\displaystyle \delta(\gamma,n) \le c\gamma/\sqrt{n} + (c\gamma/ \sqrt{n-1} + \delta(\gamma,n-2)/2)/2 \\ \le c\gamma /\sqrt{n} + c \gamma /2\sqrt{n-1} + c\gamma /4\sqrt{n-2} + \ldots \\ \le c \gamma/\sqrt{n} \ \ \ \ \ (5)

where we can choose a bigger c on the right hand side, because the geometric sum can be bounded by {c_2/\sqrt{n}}, for some c_2 > c (the geometric decay dominates the {k \mapsto \sqrt{n/(n-k)}} growth). To bound {\delta(\gamma,n)}, we will introduce some continuous approximations of the heavyside function {h_z}. We define

\displaystyle h_{z,\lambda}(x) = [(1 + (z-x)/\lambda) \wedge 1] \vee 0 \ \ \ \ \ (6)

where {\wedge} means taking minimum of the two sides, and {\vee} maximum. In words, {h_{z,\lambda}} is the same as {h_z} for {x \notin [z,z+\lambda]} and linearly interpolates {h(z)} and {h(z+\lambda)} in between. We also denote {h_{z,0} = h_z}, as the natural functional limit.
We also define the direct analogue of {\delta(\gamma,n)} in the {\lambda}-smoothed case,

\displaystyle \delta(\lambda,\gamma,n) = \sup\{|\mathbb{E}(h_{z,\lambda}(S_n)) - \Phi(h_{z,\lambda})|: z \in {\mathbb R}, (X_1, X_2, \ldots) \in \mathcal{L}(n,\gamma)\}. \ \ \ \ \ (7)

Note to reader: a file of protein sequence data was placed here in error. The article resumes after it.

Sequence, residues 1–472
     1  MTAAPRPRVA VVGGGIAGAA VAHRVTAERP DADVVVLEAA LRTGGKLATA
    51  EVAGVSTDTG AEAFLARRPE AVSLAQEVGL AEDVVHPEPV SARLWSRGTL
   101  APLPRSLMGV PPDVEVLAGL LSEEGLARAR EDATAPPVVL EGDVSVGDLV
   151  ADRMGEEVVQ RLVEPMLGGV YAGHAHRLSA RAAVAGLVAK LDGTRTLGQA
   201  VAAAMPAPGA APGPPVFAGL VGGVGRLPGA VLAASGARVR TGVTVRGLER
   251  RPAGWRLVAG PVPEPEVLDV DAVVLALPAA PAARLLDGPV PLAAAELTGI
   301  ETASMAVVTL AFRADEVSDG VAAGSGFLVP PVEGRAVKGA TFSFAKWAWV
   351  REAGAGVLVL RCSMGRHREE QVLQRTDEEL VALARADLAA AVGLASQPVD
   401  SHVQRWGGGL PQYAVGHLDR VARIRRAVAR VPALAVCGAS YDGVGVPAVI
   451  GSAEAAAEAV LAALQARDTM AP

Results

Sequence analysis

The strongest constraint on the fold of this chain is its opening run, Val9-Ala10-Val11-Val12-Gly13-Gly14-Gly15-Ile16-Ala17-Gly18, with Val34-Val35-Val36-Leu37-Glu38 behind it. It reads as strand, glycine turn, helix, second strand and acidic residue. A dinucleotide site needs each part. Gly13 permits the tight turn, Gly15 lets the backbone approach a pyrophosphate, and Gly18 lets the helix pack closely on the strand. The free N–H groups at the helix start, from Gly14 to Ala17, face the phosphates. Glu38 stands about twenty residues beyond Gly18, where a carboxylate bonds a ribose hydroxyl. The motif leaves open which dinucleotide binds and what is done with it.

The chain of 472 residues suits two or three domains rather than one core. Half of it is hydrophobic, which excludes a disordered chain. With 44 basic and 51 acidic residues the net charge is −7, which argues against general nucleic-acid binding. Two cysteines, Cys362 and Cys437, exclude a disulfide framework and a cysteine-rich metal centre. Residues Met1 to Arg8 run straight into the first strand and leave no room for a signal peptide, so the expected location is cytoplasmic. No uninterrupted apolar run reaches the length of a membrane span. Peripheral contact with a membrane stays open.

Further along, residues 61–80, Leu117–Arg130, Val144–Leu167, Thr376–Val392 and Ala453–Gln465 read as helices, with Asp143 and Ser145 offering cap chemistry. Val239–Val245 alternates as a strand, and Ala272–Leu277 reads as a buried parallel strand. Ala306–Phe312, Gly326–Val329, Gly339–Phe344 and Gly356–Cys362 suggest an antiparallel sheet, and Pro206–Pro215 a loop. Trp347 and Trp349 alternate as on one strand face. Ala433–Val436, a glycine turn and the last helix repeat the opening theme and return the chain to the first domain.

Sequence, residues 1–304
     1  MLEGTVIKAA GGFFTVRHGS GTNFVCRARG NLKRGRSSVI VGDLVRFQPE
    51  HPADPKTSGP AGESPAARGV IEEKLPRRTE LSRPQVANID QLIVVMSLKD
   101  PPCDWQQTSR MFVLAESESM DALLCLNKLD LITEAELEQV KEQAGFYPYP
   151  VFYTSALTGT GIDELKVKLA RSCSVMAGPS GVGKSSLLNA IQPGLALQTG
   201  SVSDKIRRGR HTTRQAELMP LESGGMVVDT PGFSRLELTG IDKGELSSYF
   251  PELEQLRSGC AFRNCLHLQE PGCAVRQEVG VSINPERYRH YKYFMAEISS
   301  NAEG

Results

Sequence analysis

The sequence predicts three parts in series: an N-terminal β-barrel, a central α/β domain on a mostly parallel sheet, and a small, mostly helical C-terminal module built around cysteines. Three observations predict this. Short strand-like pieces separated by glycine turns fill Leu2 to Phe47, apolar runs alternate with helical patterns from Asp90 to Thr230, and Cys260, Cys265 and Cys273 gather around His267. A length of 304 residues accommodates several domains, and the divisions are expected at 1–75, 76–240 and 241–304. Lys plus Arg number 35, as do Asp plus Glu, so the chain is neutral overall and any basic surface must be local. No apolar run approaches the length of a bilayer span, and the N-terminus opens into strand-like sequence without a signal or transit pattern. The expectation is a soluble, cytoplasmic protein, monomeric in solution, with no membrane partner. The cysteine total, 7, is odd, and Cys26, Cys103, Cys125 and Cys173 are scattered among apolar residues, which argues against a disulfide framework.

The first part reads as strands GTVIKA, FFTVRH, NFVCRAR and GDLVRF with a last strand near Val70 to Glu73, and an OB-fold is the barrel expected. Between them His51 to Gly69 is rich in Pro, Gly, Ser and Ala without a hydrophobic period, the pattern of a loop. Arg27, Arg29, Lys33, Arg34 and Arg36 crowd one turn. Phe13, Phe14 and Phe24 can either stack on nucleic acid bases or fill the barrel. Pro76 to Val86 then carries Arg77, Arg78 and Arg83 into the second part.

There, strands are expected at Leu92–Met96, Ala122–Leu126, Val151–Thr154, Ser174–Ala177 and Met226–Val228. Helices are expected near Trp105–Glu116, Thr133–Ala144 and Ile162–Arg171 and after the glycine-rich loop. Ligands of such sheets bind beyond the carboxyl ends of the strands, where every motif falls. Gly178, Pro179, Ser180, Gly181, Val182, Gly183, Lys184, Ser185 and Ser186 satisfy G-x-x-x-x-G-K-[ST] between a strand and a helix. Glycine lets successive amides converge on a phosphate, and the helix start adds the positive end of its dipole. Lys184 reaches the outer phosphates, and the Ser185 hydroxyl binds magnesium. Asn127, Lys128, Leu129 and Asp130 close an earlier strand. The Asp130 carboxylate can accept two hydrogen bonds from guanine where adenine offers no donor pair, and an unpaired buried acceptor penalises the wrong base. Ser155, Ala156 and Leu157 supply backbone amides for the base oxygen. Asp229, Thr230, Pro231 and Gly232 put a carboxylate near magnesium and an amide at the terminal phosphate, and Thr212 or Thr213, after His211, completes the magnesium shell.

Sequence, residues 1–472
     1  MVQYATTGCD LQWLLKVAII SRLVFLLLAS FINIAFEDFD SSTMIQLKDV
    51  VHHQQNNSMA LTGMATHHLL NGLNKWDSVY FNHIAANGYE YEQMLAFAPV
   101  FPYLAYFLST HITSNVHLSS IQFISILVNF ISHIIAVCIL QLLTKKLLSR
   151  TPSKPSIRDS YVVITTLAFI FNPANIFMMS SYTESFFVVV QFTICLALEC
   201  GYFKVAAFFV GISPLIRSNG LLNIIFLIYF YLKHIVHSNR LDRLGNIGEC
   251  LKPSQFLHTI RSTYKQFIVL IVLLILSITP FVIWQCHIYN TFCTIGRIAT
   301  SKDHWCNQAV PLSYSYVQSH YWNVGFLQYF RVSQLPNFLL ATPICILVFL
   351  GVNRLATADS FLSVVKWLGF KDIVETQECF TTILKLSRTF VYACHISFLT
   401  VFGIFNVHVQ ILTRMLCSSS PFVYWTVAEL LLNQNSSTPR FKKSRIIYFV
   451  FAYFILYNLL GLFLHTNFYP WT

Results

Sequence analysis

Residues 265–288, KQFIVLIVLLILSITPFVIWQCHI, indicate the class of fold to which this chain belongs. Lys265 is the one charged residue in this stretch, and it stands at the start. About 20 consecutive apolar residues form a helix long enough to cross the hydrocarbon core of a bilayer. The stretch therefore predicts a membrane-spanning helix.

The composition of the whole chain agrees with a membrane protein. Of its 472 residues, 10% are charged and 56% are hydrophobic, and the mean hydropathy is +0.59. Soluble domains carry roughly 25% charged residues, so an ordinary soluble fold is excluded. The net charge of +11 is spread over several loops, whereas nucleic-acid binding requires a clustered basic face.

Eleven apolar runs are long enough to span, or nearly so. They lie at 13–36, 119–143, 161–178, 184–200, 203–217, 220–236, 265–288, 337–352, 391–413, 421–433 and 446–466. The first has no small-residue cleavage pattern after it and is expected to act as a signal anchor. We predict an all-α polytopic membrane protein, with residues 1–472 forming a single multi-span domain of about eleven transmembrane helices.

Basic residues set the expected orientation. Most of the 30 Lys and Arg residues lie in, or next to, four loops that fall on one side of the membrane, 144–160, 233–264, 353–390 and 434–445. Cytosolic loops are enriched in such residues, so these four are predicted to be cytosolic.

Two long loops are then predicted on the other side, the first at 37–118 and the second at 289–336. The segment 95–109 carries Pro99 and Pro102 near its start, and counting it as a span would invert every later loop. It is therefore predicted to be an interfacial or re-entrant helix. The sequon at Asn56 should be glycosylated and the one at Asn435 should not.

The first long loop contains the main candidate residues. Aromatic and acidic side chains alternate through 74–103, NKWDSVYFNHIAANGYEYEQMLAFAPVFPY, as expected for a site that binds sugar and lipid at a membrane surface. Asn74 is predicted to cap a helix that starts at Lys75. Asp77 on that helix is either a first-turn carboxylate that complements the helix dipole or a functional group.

From the fact that {h_{z,0} \le h_{z,\lambda} \le h_{z+\lambda,0}} (try drawing their graphs using the linear interpolation interpretation), one gets

\displaystyle \delta(\gamma,n) \le \delta(\lambda,\gamma,n) + \lambda/\sqrt{2\pi}. \ \ \ \ \ (8)

This follows because if for a particular sequence {(X_1,X_2, \ldots) \in \mathcal{L}(n,\gamma)} and {z \in {\mathbb R}}, {\mathbb{E}(h_{z,0}(S_n)) \ge \Phi(h_{z,0})}, we get

\displaystyle \mathbb{E}(h_{z,0}(S_n)) - \Phi(h_{z,0}) \le \mathbb{E}(h_{z,\lambda}(S_n)) - \Phi(h_{z,0})\\ \le \mathbb{E}(h_{z,\lambda}(S_n)) - \Phi(h_{z,\lambda}) + \Phi(h_{z,\lambda}) - \Phi(h_{z,0})\\ \le \delta(\lambda,\gamma,n) + \lambda/\sqrt{2\pi} \ \ \ \ \ (9)

The last bound uses the fact that the normal density {\phi(x)} is bounded uniformly by {\frac{1}{\sqrt{2\pi}}}, and that {h_{z,\lambda} - h_z} is supported on the interval {[z,z+\lambda]} and bounded by {1}. The case {\mathbb{E}(h_{z,0}(S_n)) \le \Phi(h_{z,0})} is treated similarly. Hence taking the supremum over {\mathcal{L}(n,\gamma)} we get (8).